2011 National Anti-Crime Award Winners Announced
Media Release25 October 2011
Seven ground-breaking projects which have substantially reduced local crime rates have been honoured in the 2011 Australian Crime and Violence Prevention Awards (ACVPA) at Parliament House, Canberra.
Senator Kate Lundy, representing Minister for Home Affairs and Justice Brendan O’Connor, presented five awards totalling $90,000 to outstanding community-based projects that prevent or reduce crime, and two non-cash awards to police crime prevention programs.
“There was tough competition from a field of 52 contenders, but the winning projects stood out for their outstanding results in reducing local crime and offending,” Mr O’Connor said.
The projects involved Indigenous and rural communities, drug and alcohol-related crime prevention, offenders and victims of domestic and family violence, vulnerable youth and the prevention of ATM robberies.
“This year’s winning projects particularly highlight the importance of breaking the cycle of domestic and family violence, the effectiveness of working with vulnerable young people and early intervention,” Senator Lundy said.
“The awards showcase the importance of partnerships and practical solutions to prevent crime and make our communities safer.”
The three community-led winning projects came from New South Wales, Tasmania and Northern Territory, and received a certificate and cash award of $10,000 or $15,000:
- The Salvation Army (TAS): The project trains workersand parents to work therapeutically with young children aged 0-5 years who have witnessed family violence, to break the cycle of subsequent alcohol and drug addiction and increased risk of using violence and developing other criminal behaviours.
- Burbangana Zoo Awareness Program (NSW): To increase a sense of belonging, connection to culture, trust and improved self-esteem and achievement in Indigenous young people aged 11-17 years who have experienced severe physical, emotional and psychological trauma.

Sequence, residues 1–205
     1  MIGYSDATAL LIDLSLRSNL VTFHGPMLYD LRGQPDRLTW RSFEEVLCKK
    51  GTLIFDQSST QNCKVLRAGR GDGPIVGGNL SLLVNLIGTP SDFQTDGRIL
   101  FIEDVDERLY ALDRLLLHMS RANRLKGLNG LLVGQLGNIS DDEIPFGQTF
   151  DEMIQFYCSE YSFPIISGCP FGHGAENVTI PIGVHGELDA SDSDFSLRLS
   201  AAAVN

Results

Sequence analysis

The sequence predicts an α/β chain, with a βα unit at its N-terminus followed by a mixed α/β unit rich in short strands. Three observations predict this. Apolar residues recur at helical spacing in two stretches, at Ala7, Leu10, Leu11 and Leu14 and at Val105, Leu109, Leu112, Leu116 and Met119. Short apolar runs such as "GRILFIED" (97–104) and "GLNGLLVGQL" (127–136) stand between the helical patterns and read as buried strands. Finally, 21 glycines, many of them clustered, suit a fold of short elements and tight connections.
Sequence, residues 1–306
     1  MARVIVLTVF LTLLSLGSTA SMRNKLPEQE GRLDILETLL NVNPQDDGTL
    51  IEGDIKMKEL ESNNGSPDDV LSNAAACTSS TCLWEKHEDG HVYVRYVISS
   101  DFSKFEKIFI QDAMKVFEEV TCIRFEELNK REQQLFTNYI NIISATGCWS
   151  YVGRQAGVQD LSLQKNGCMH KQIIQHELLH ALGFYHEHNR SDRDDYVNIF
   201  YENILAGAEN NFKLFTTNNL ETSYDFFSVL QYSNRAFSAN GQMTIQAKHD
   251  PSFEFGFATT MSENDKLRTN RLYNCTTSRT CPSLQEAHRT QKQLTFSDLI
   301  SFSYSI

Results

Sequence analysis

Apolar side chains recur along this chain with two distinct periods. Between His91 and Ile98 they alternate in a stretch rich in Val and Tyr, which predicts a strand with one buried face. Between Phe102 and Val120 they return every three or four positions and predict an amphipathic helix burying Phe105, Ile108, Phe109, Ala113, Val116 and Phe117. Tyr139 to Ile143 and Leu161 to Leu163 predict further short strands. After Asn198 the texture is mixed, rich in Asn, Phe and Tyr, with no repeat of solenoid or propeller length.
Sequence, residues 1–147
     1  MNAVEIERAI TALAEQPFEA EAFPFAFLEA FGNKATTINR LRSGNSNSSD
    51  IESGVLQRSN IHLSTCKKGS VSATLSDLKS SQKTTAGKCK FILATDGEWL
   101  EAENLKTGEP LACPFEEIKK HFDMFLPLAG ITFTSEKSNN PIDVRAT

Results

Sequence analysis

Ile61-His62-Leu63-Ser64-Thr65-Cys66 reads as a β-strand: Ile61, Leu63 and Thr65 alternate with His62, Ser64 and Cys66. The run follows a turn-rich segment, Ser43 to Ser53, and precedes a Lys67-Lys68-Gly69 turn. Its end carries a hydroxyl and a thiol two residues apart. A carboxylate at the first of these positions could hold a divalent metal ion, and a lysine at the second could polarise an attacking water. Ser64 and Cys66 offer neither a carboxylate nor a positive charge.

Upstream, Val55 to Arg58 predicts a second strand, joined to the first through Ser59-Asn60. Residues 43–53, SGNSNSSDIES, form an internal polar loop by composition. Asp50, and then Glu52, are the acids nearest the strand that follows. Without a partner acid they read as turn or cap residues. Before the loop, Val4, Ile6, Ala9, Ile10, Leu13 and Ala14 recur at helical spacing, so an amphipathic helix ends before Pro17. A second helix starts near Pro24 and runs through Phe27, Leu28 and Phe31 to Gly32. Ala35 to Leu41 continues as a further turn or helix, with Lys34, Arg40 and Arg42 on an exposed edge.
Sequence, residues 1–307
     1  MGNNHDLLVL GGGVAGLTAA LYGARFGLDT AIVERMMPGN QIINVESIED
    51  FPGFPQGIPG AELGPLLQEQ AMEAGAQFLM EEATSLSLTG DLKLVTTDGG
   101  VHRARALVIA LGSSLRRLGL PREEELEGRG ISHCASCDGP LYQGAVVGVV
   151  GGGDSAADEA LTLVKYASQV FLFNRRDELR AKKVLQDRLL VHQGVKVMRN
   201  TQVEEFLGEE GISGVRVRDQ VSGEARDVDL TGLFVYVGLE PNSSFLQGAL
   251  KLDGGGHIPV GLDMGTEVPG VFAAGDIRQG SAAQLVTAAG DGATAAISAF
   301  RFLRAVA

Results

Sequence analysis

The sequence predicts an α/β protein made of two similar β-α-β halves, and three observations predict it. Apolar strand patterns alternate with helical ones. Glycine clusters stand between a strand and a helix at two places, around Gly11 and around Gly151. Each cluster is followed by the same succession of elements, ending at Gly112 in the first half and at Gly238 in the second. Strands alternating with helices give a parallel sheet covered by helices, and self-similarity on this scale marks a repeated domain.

- Larrakia Nation Aboriginal Corporation (NT): Provision of a suite of services (tenancy, medical, family support, education and training) for homeless and other Aboriginal people in Darwin.
Two government-funded winning projects came from New South Wales and Western Australia:
- Multi-systemic Therapy Program Department of Health (WA): The program targets families with a young person with a history of severe anti-social behavioural problems. The program provides parent/caregivers with the skills to manage the young person’s behaviour and to assist the young person to improve their behaviour.
- Domestic Violence Intervention Program Corrective Services NSW (NSW): A 20 session rehabilitative group intervention program for offenders serving community-based orders or custodial sentences for domestic and family violence-related convictions or related offences.
Two National Police winning projects came from New South Wales and Queensland:
- Queensland Police Service ‘Weed It Out’ (WiO) and James Cook University ‘Cape York Cannabis Project’ (CYCP) (QLD): This project is based on providing evidence-based interventions focused on reducing harms associated with cannabis use and the associated problems relating to drug misuse in Indigenous communities across Cape York and the Torres Strait regions.
- Strike Force Piccadilly Two (NSW): An extension of a previous ACVPA award-winning public-private crime prevention partnership led by NSW Police, Strike Force Piccadilly Two is designed to detect and incapacitate offenders, especially criminal gangs involved in gas attacks on ATMs, to employ protective countermeasures (such as gas detection and disabling equipment, bollards and ATM relocations) and to provide forensic assistance through the project partners.
The ACVPA Awards are managed by the Australian Institute of Criminology.
O’Connor contact: Maria Hawthorne 0407 015 986 email@example.com
Lundy contact: Jessica Hill 0407 926 077 firstname.lastname@example.org
AIC contact: Colin Campbell 0418 159 525 email@example.com